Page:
You could also separate out the hydrogen 3 to use in a fusion reactor for energy, and sell the resulting helium to Earth to pay the high bandwidth bills.

  • $\begingroup$ This will lower the house's orbit. $\endgroup$
    – Schwern
    Commented Nov 4, 2016 at 18:44
  • $\begingroup$ @Schwern True, but you might be able to strike a balance between drag and power to where a minimal amount of fuel could be expended to boost the orbit once in a while. And you are also really close to a really large stash of hydrogen which could potentially be harvested and used as fuel to increase momentum. Of course if you can do that you could just use the hydrogen to make energy... $\endgroup$
    – AndyD273
    Commented Nov 4, 2016 at 19:45
  • $\begingroup$ Yeah, some calculations on how much power you can generate for how long while staying in a safe orbit would be interesting. $\endgroup$
    – Schwern
    Commented Nov 4, 2016 at 21:07
  • $\begingroup$ Why not just directly convert the fuel to electricity? $\endgroup$
    – Tim B
    Commented Nov 5, 2016 at 8:43
  • $\begingroup$ @TimB Because the question was about using gravity to do it. And you can't use the gravity directly when you are in freefall. If you drop something into Jupiter to try to generate power then you will be losing mass, and there is only so much mass you can lose. Burning Jupiter's hydrogen, setting up a small atomic generator, or a fusion generator using Jupiter's hydrogen... Lots of better options than using gravity. There is no such thing as a free lunch/launch. $\endgroup$
    – AndyD273
    Commented Nov 7, 2016 at 14:18

As others pointed out, to extract "gravitational energy" you need to let something fall down, just as in an hydroelectric dam energy is harvested by letting water fall. As the question of what to let fall arises, I suggest to use a couple of Jovian moons.

The solution is quite simple, although there are a few practical problems I let to you to solve - I'm sure by the time you get to Jupiter you will have solved them.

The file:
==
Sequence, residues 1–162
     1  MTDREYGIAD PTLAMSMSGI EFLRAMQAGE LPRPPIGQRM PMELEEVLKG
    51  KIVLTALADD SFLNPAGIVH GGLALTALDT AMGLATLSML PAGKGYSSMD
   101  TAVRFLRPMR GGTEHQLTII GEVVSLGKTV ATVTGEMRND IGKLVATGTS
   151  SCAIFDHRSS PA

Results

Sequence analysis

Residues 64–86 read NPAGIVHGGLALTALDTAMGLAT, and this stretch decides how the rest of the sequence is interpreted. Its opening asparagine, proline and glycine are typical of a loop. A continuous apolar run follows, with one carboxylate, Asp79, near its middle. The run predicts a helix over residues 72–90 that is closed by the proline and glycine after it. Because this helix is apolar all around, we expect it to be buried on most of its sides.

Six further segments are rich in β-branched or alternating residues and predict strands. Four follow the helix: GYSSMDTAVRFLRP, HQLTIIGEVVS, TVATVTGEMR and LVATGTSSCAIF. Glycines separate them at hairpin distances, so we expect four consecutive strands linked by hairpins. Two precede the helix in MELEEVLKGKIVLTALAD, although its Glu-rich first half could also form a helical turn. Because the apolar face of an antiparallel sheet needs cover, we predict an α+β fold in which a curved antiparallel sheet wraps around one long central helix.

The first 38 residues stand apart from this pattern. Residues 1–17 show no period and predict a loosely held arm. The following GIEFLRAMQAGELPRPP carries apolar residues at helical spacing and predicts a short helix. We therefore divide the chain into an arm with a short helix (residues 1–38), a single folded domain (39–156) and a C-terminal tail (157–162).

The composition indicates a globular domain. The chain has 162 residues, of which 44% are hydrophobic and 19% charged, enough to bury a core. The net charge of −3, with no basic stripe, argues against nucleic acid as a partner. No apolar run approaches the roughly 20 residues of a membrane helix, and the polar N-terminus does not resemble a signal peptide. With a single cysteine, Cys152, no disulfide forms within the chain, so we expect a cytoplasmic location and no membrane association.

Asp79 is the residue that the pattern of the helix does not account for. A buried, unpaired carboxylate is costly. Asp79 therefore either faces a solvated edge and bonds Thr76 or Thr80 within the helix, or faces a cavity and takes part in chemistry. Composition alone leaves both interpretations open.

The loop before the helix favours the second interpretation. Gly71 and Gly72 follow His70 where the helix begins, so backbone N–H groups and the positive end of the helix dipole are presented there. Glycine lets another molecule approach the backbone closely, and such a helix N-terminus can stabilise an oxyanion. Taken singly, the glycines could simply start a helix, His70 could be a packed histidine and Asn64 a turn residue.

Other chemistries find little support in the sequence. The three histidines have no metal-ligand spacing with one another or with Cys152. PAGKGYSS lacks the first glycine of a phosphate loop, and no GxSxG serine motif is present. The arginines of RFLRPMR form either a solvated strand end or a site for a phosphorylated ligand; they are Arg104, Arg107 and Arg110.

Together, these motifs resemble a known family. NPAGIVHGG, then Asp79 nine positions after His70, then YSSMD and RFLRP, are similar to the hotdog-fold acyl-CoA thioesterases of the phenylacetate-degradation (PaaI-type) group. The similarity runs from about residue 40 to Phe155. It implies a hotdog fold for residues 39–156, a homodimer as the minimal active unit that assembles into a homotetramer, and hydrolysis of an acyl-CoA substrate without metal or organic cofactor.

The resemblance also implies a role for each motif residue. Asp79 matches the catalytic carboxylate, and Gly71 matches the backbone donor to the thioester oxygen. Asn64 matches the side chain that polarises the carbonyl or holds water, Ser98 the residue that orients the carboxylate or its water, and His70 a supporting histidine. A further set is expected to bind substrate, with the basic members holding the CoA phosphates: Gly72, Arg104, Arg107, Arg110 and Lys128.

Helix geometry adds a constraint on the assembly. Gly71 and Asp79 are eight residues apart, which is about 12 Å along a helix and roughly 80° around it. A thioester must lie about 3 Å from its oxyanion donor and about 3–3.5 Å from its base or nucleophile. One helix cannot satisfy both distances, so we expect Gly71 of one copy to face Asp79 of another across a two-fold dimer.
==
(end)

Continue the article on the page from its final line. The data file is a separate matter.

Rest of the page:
First of all you need a pair of long light and strong tethers - a few millions of kilometres should be enough.

Then you need to attach an end of each tether to a different Jovian moon. Any couple of moons could work.

Attach the other end of the tethers to a sheave with an spring, similar of the device used in extensible cords (example). Keep in mind that the sheave and the spring need to be capable to allocate most of the length of the tethers, but I'm sure that if you have managed to get the tether that won't be a practical concern.

Now you just need to attach an electrical generator to the sheave and you will get plenty of energy that you will be getting from the mechanical energy of a couple of Jupiter moons. Since you will be braking and accelerating them, they are likely to end falling to Jupiter or getting in the same orbit, but don't worry: there is plenty of moons around to keep powering your house.

You might be concerned by the risk of the tethers getting entangled in Jupiter, but we shouldn't worry about that. If it happens - and if Jupiter surface isn't slippery enough to the tether to free itself - the planet will start pulling the moons and you will get even more energy from Jupiter's rotation. You just need to make sure that the tethers are strong enough and firmly attached to the moons.


You can get energy from tidal forces. I think the 'easiest' way would be to put a long rod on either side of your station, and have an equal mass on each rod that can slide up or down the rod. The masses are connected to a mechanism that means they both move inwards or outwards together, for example you could have a crank shaft in your station a little like the piston mechanism in an engine. You could make this 'engine' reciprocate by rotating the station, but I suspect that ends up taking energy from the rotation of your station. Instead, I think it would be best to have an elliptical orbit like Io. Attach a clock spring to your crankshaft, and keep the axis of your rods pointing towards Jupiter (tidal locking does this for free). Then as your altitude changes, so does the differential force on the two masses, so the force on the spring changes, so the crankshaft turns a little, so you can extract a bit of energy. A pitifully tiny amount of energy you say? Just use bigger masses and longer rods!